Accuracy Versus Falsification Costs: The Optimal Amount of Evidence Under Different Procedures

Posted: 13 Apr 2009

See all articles by Winand Emons

Winand Emons

University of Bern - Department of Economics; Centre for Economic Policy Research (CEPR)

Claude Fluet

Université Laval

Multiple version iconThere are 3 versions of this paper

Date Written: May 2009

Abstract

An arbiter can decide a case on the basis of his priors or he can ask for further evidence from the two parties to the conflict. The parties may misrepresent evidence in their favor at a cost. The arbiter is concerned about accuracy and low procedural costs. When both parties testify, each of them distorts the evidence less than when they testify alone. When the fixed cost of testifying is low, the arbiter hears both, for intermediate values one, and for high values no party at all. The arbiter's ability to remain uninformed as well as sequential testifying makes it more likely that the arbiter requires evidence. (JEL D82, K41, K42)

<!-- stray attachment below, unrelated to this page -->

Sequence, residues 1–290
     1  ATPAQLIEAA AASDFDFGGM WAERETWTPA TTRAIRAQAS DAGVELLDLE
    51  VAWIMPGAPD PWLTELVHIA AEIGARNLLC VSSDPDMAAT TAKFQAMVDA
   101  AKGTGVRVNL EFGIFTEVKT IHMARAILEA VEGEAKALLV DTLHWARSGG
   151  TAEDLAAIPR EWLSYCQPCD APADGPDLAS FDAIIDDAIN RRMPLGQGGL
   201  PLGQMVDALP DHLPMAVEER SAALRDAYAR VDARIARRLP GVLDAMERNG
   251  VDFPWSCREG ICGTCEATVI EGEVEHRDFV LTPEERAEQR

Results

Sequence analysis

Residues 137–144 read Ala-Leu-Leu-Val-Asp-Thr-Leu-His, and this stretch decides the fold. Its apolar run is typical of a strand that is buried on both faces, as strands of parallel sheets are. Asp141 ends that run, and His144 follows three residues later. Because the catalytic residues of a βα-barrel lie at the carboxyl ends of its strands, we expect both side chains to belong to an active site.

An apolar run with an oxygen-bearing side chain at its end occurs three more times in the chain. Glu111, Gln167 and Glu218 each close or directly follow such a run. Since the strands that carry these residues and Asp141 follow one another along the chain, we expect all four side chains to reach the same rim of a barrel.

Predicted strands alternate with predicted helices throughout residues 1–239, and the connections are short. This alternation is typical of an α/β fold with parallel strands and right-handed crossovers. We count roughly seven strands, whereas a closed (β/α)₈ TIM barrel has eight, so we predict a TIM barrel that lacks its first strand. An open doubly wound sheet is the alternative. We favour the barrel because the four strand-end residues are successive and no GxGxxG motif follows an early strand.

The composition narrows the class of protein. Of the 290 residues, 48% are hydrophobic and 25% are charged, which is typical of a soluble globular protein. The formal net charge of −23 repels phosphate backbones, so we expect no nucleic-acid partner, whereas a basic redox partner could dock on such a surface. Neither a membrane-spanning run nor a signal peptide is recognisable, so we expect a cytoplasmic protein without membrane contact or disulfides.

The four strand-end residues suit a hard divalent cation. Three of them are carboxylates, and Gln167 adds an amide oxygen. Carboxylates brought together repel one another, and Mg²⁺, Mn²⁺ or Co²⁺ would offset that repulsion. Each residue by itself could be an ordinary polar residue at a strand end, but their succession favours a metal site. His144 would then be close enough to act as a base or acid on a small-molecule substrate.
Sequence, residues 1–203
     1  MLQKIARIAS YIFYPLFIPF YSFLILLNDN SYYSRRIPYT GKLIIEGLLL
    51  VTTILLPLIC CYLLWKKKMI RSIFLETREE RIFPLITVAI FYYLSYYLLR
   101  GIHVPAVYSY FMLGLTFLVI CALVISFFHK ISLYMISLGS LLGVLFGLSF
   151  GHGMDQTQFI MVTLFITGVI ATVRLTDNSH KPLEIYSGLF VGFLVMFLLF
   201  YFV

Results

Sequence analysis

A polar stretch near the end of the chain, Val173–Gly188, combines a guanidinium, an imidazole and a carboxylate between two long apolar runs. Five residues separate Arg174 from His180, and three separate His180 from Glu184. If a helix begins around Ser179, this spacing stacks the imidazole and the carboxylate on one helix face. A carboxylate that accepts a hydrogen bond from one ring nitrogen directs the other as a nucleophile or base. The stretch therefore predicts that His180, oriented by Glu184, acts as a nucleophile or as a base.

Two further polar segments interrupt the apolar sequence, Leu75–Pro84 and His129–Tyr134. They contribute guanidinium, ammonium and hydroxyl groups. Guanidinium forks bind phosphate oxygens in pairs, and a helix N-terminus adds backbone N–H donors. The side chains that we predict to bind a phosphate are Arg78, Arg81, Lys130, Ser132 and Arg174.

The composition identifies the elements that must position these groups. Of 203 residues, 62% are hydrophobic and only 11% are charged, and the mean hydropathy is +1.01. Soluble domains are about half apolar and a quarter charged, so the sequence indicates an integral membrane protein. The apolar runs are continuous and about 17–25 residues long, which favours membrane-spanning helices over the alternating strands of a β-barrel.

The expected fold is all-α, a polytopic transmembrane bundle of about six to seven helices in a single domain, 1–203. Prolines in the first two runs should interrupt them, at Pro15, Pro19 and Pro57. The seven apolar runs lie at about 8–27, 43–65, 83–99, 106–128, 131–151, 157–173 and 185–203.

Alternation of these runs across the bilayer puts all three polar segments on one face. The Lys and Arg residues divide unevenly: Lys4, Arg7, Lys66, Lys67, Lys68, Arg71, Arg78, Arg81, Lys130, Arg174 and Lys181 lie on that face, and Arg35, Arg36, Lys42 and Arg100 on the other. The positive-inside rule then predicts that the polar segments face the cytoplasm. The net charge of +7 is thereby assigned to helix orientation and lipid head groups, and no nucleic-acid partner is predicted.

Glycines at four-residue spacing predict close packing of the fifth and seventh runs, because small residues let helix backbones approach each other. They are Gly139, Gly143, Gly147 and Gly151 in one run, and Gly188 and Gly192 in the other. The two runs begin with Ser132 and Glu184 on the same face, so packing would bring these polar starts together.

Suggested Citation

Emons, Winand and Fluet, Claude-Denys, Accuracy Versus Falsification Costs: The Optimal Amount of Evidence Under Different Procedures (May 2009). The Journal of Law, Economics, & Organization, Vol. 25, Issue 1, pp. 134-156, 2009, Available at SSRN: https://ssrn.com/abstract=1372572 or http://dx.doi.org/10.1093/jleo/ewm046

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Claude-Denys Fluet

Université Laval ( email )

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